Key stakeholders must understand what’s expected of them, what’s changing, and what’s staying the same. Using a “hierarchy of needs” approach to ensure you’re first listening and addressing transitioning employees’ core concerns (pay, benefits, job security, efficacy), allows you to build upon that foundation to communicate operational, cultural, and corporate information later. By deploying a communications strategy leading up to and continuing after closing, you can simultaneously mitigate the type of risks that can sabotage the value proposition of your newly closed deal and identify opportunities for synergy or unlock new growth. More importantly, since it’s unlikely many of your competitors are investing in strategic communications for their transactions, it can give your organization a competitive advantage.

Case in point: When food giant J.M Smucker acquired industry rival Hostess Brands in 2023 for $5.6 billion, CEO Mark Smucker told Axios that the massive integration effort was supported by detailed communications strategies, saying, “We’ve done many of these in the past – and when they are successful, it’s because we communicate.”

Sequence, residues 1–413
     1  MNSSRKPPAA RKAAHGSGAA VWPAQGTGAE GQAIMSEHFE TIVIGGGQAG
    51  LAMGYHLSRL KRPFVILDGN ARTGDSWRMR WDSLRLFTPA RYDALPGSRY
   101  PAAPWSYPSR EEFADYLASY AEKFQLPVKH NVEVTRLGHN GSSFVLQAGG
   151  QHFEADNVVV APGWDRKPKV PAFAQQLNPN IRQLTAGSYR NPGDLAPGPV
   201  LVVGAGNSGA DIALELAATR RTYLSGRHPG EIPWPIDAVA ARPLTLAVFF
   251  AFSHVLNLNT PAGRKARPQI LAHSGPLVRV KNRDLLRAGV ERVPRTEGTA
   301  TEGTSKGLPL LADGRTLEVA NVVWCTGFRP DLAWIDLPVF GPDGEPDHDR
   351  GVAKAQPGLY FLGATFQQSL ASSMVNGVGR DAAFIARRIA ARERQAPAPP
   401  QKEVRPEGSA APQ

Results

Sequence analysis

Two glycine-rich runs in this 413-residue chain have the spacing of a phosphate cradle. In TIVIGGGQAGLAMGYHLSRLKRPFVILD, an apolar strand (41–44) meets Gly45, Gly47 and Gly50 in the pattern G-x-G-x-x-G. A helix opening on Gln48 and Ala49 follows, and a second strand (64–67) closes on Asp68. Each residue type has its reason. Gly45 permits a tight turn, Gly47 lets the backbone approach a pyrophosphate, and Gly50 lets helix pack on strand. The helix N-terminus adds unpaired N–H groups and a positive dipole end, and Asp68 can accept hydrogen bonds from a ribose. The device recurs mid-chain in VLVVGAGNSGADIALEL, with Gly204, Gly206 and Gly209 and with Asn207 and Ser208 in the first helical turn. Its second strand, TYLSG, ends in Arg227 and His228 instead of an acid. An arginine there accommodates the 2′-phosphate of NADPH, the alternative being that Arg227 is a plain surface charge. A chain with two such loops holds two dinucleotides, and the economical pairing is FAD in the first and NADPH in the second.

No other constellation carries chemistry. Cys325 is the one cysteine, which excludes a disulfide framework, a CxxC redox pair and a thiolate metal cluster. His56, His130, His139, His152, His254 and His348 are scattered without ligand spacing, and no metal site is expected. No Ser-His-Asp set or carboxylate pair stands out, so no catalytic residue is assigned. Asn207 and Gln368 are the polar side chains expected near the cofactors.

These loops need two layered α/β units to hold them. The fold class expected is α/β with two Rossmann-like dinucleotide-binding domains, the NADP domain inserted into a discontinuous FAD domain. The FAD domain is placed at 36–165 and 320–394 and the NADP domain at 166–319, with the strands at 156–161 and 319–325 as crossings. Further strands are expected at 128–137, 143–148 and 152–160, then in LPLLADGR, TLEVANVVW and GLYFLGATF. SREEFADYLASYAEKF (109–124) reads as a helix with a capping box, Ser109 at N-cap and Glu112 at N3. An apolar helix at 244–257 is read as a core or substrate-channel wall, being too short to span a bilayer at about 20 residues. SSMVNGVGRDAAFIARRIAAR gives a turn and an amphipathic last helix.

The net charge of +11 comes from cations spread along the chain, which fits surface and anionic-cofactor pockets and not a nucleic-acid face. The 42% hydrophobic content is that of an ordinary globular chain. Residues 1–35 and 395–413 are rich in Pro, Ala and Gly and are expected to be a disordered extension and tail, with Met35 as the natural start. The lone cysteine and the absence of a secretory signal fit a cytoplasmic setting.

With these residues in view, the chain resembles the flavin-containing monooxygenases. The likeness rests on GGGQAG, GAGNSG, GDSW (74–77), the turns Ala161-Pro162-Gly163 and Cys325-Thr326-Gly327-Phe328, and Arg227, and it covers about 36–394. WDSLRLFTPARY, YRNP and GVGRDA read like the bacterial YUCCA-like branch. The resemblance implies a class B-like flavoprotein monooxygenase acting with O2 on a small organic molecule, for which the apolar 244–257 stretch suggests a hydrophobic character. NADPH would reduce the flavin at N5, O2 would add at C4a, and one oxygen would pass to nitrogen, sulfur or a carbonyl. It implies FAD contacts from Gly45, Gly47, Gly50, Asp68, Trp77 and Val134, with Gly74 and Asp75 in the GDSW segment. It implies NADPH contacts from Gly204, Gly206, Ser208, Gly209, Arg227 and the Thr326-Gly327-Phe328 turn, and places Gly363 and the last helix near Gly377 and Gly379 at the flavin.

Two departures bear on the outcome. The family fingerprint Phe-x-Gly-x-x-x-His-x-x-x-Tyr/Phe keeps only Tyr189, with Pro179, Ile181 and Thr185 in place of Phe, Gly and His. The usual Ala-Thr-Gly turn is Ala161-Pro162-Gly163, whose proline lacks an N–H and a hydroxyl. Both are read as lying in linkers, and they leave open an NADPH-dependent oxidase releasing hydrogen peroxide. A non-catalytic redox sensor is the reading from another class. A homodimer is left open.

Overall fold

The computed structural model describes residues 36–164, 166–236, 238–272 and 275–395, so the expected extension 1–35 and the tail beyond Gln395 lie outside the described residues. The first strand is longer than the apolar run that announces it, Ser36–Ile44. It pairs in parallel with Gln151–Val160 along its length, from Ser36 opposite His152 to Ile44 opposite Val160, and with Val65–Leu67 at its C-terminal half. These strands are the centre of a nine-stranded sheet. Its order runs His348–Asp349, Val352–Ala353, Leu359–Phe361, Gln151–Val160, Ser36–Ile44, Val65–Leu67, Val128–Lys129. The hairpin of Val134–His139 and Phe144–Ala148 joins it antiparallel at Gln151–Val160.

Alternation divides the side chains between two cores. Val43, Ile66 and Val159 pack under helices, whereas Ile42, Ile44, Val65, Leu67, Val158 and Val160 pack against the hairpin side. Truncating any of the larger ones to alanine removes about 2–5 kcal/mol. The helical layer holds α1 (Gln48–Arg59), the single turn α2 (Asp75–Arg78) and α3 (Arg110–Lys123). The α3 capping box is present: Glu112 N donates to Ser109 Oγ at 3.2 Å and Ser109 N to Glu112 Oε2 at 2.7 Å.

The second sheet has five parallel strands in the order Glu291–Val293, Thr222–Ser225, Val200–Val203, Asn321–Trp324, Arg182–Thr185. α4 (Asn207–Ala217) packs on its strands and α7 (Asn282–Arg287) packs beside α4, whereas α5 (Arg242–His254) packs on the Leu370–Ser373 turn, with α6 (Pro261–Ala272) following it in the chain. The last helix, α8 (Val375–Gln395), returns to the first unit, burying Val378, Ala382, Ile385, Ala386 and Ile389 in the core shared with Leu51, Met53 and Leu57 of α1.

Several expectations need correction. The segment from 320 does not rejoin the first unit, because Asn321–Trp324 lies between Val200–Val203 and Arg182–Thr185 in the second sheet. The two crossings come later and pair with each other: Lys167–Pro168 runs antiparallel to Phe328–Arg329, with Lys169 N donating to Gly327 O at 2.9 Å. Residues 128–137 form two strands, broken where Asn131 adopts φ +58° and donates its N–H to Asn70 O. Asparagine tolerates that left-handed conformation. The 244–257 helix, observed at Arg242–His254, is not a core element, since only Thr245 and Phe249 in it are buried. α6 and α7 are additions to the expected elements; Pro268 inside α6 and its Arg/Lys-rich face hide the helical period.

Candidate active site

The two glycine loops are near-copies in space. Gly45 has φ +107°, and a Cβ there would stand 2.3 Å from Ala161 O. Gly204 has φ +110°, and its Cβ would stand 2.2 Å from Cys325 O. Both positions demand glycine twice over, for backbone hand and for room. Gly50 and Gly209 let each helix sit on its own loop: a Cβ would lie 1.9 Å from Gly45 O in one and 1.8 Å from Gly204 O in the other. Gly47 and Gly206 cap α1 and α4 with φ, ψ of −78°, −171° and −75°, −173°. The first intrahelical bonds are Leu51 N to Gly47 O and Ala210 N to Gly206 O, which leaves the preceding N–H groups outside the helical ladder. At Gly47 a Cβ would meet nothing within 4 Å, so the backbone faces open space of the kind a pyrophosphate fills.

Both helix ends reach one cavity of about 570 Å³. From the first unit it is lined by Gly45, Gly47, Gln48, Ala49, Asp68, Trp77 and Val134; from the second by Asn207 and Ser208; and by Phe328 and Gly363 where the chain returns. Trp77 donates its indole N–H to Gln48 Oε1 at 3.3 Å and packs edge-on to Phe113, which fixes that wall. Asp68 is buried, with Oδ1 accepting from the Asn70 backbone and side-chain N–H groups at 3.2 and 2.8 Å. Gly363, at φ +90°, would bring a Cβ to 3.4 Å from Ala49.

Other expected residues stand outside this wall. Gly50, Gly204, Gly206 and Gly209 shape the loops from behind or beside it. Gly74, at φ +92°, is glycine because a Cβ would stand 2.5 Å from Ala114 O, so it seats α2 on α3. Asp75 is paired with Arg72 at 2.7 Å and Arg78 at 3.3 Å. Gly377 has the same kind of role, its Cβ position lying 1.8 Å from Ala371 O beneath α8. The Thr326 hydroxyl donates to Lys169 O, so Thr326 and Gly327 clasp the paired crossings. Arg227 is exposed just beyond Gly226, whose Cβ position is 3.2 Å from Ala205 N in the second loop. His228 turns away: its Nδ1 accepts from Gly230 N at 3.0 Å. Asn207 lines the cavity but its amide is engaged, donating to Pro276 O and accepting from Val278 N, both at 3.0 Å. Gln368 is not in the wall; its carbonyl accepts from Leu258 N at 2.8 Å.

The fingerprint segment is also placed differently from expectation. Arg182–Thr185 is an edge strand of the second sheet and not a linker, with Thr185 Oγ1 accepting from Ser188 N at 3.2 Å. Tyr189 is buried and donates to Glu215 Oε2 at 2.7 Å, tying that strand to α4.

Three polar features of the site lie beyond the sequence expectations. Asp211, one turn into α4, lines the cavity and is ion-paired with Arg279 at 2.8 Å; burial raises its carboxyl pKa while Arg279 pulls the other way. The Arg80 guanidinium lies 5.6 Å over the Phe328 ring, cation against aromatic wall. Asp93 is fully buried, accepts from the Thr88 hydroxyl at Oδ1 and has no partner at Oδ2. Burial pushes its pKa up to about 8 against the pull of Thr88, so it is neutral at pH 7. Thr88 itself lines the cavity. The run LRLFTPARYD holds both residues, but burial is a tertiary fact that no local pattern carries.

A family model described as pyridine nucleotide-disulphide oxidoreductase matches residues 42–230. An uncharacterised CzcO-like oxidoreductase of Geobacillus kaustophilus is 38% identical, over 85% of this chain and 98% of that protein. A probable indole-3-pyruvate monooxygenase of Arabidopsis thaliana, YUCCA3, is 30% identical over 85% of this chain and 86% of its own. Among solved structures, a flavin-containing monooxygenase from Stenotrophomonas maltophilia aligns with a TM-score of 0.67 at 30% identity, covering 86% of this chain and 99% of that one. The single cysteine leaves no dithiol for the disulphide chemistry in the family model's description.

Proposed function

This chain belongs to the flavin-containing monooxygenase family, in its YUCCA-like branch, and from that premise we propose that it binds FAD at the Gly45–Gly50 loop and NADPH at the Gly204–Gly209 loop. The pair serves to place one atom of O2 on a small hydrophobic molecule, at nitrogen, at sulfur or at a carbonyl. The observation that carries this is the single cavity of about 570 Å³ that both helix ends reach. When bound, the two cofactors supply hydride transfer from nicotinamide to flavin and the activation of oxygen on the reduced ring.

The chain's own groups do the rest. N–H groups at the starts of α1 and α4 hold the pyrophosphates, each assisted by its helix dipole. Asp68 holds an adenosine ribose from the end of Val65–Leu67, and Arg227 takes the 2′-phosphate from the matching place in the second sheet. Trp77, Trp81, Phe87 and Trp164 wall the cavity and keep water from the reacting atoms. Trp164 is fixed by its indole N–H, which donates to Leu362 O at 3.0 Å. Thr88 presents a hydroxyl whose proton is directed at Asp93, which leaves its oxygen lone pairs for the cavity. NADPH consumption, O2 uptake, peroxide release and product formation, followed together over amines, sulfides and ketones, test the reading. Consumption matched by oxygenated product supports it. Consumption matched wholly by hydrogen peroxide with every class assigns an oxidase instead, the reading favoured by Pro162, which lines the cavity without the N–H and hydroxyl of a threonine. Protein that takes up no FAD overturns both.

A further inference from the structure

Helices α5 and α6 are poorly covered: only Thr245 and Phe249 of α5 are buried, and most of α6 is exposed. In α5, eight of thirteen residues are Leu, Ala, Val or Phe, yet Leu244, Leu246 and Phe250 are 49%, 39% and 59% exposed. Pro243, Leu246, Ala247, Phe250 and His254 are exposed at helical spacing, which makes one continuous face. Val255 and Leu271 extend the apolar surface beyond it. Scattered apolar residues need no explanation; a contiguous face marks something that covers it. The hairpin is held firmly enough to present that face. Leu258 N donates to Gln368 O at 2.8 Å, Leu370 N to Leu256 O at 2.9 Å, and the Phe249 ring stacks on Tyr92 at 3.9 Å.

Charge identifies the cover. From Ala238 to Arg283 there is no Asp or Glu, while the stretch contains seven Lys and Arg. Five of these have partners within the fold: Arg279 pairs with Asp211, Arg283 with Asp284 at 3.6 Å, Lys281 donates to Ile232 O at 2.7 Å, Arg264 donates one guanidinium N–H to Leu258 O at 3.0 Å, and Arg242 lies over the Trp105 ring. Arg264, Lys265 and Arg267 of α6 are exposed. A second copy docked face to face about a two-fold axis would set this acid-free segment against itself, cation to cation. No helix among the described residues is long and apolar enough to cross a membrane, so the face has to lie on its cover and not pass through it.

The benefits of incorporating strategic communications during M&A transactions


1. Improving retention by keeping employees calm, confident, and informed. I recently worked with a client in the healthcare space who was closing three simultaneous deals, all with roughly the same rationale, incentives, and profile. The corporate development leaders for two of those transactions asked for communications advice and assistance before and through closing. The third did not. The client’s average retention rate for employees in a transaction was around 75% – meaning that about 3 out of 4 acquired employees who received offers to stay on post-closing accepted. The post-close employee retention rate for the two deals that included strategic communications in the planning process averaged 94%. By comparison, the one that didn’t include a formal communications plan had a retention rate of just over 60%.